5. Mobile wealth: the assumption that, before the inception of land-limited economies, economic differences were based solely on human labour seems problematic for the history of large parts of the world, including much of Africa. In Nilotic and Bantu populations, cattle provided a form of stable, intergenerational wealth inequality—including the economic basis of large kingdoms or even empires—long before land became scarce or intrinsically valuable, and long before cattle were used for traction. This is also true for some parts of Eurasia, and there is an echo of it in the Latin root of the word ‘capital’: caput, which refers both to chattels and to a ‘head of cattle’. In such societies, wealth was traditionally counted, not by the size of one’s house, but by the size of one’s herd.
  6. Archaeology and the Gini co-efficient: as originally applied to modern economies in the early twentieth century, the Gini co-efficient assumes comparability between the units compared. These were nation-states, because Corrado Gini (an advocate of Italian Facism and eugenics, who ran the Central Institute of Statistics under Mussolini; see e.g. Gini 1927) considered ‘society’ and ‘the State’ to be largely coterminous, forming a superordinate unit of economic comparison as opposed to, say, international class relations. In his response to Walter Scheidel’s paper, Suresh Naidu referred to this as “methodological nationalism.” Without some such baseline of comparability across institutional forms, the comparative exercise quickly loses meaning. What, then, is the institutional baseline that allows us to compare Gini co-efficients from, say, Neolithic Turkey to the early Roman Republic to modern Britain? This is really a question about:
  7. The archaeological record: in the pre-circulated paper (Bowles and Fochesato, 2024, fig. 1) we are asked to compare Gini co-efficients ascribed to archaeological sites such as Tell Brak in Syria, Tepe Gawra in northern Iraq, and Eridu in southern Iraq. Each site appears as a data point on a graph, captioned ‘Inequality in material wealth in western Eurasia from the end of the Palaeolithic to the Roman Empire.’ However, as Fochesato and colleagues themselves note, archaeological sites are not equivalent to past populations, or societies, let alone miniature versions of “nations” or “states.” Nor are the individual stratigraphic phases within them. Which raises further questions about:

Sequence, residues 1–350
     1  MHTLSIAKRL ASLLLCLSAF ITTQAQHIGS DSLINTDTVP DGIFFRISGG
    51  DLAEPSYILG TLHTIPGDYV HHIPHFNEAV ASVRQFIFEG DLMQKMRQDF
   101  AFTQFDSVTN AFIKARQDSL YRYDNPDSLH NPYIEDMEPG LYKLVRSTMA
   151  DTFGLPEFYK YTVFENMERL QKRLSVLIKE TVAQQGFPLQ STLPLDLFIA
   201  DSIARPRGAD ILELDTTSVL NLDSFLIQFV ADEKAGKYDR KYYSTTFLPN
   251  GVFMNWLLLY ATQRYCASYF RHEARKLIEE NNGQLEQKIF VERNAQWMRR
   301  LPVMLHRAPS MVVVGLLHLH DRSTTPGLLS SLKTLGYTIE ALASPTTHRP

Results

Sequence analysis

8. Scale: Tepe Gawra is a tiny mound covering just two hectares, and containing architectural remains that span roughly three millennia. Tell Brak, in the fourth millennium BC, spanned an area of 130-hectares: a different order of magnitude. Tepe Gawra was excavated across much of its surface area, while only a very small fraction of Tell Brak has been investigated by archaeologists. Yet both appear on the graph as equally weighted data points, with an assigned Gini co-efficient. Sam and colleagues themselves note that ‘Two societies with equal wealth inequality by our measures may differ substantially in social complexity, political hierarchy, disparities in consumption, economic injustice or other dimensions associated with the term ‘wealth inequality’ (Fochesato et al. 2019). I agree, and admire their candour, but again, it makes me wonder what use we can make of the findings, for example in thinking about the roots of contemporary inequalities.
  9. Forms of property (I): similar problems arise in relation to a study that has been widely referred to, by Kohler at al., which argues that overall levels of inequality were much higher in Bronze Age Eurasia than in pre-Columbian North America and Mesoamerica. Again, on closer inspection, the findings turn out to be more modest. They are based on a single proxy measure of wealth inequality, in this case, the relative sizes of preserved house-foundations in the archaeological record. The results are still interesting, because of their scope, but perhaps there may be better ways of interpreting them. Which brings me on to: